The Court held that it was beyond the powers of MCI to make an arrangement of common entrance test both for government and private institutions.
The Supreme Court on Thursday declared the National Eligibility-cum-Entrance Test (NEET) unconstitutional. The Medical Council of India (MCI) and the Dental Council of India (DCI) had introduced the test for admission to graduate and postgraduate courses. Allowing a batch of petitions, a Bench of Chief Justice Altamas Kabir and Justices Anil R. Dave and Vikramajit Sen said in a majority 2-1 verdict that the test had the effect of depriving the States, state-run universities and all medical colleges and institutions, including those enjoying the constitutional protection, of their right to admit students to MBBS, BDS and postgraduate courses as per their own procedures, beliefs and dispensations, “which has been found by this court in the T.M.A. Pai Foundation case to be an integral facet of the right to administer.”
Writing the main judgment, the Chief Justice said: “In our view, the role attributed to, and the powers conferred on, the MCI and the DCI under … the Indian Medical Council Act, 1956, and the Dentists Act, 1948, do not contemplate anything different, and are restricted to laying down standards which are uniformly applicable to all medical colleges and institutions … to ensure the excellence of medical education …”
The Bench said: “The role assigned to the MCI under Sections 10A and 19A (1) of the 1956 Act vindicates such a conclusion. As an offshoot …, we … have no hesitation in holding that the Medical Council of India is not empowered … to actually conduct the NEET.”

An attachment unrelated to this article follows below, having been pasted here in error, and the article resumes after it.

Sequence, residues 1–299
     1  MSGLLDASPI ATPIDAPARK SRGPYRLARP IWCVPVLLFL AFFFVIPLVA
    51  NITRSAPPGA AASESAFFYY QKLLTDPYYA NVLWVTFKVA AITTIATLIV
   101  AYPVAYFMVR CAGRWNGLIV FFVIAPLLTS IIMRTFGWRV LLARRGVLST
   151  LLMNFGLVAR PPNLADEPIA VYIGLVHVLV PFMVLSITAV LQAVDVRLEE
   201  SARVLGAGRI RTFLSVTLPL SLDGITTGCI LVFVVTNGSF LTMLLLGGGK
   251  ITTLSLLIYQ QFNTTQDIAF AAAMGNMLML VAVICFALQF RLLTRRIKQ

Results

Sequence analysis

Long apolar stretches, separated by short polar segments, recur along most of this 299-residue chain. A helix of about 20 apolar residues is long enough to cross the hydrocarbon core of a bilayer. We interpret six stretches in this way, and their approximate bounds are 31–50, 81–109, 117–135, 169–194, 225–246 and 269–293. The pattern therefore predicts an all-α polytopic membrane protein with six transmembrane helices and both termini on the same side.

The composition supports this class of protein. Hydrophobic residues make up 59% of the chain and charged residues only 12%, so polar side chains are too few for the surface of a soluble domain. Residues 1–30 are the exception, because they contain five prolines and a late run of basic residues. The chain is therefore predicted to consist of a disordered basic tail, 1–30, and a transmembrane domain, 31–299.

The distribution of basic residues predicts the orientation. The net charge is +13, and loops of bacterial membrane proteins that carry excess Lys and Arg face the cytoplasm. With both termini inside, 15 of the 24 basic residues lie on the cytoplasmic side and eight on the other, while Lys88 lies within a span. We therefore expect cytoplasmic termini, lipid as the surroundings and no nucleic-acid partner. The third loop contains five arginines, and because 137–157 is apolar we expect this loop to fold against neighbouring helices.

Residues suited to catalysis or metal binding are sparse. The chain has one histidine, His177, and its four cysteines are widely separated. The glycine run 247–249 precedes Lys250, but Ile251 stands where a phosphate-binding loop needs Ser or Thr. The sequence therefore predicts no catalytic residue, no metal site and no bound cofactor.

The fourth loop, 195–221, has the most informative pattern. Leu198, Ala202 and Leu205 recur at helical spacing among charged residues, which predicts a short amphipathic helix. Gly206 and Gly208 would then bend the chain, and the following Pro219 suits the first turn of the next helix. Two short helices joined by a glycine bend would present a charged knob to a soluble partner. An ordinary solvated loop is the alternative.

The Christian Medical College, Vellore; the States of Andhra Pradesh and Tamil Nadu; several associations of private medical colleges; DD Medical College and DD Hospital, Tamil Nadu; and various individual colleges had filed petitions in High Courts and obtained an interim stay on the applicability of the NEET to them. On the MCI’s petitions, these cases were transferred to the Supreme Court.
The Bench said admissions were part of the right of an educational institution to administer, and these could not be regulated except for laying down standards for maintaining excellence in education. In the case of aided institutions, the State and other authorities might direct that a certain percentage of students be admitted by methods other than the one adopted by the institution concerned. However, in unaided institutions, the right to admit students could not be interfered with except for laying down standards to maintain excellence.
“In the case of aided minority institutions, it has been held that the authority giving aid has the right to insist upon admission of a certain percentage of students not belonging to the minority community so as to maintain the balance of Article 19(2) and Article 30(1) of the Constitution. Even with regard to unaided minority institutions, the view is that while the majority of students to be admitted should be from the minority community concerned, a certain percentage from other communities should also be admitted to maintain the secular character of education in the country in what has been described as a ‘sprinkling effect’,” the Bench said.
Apart from the legal aspects, the Bench said, “there can be no controversy that the standard of education all over the country is not the same. Each State has its own system and pattern of education, including the medium of instruction. It cannot also be disputed that children in the metropolitan areas enjoy greater privileges than their counterparts in most of the rural areas as far as education is concerned, and the decision of the Central government to support a single entrance examination would perpetuate such divide in the name of … merit. In a single-window competition, the disparity in educational standards in different parts of the country cannot ensure a level-playing field.”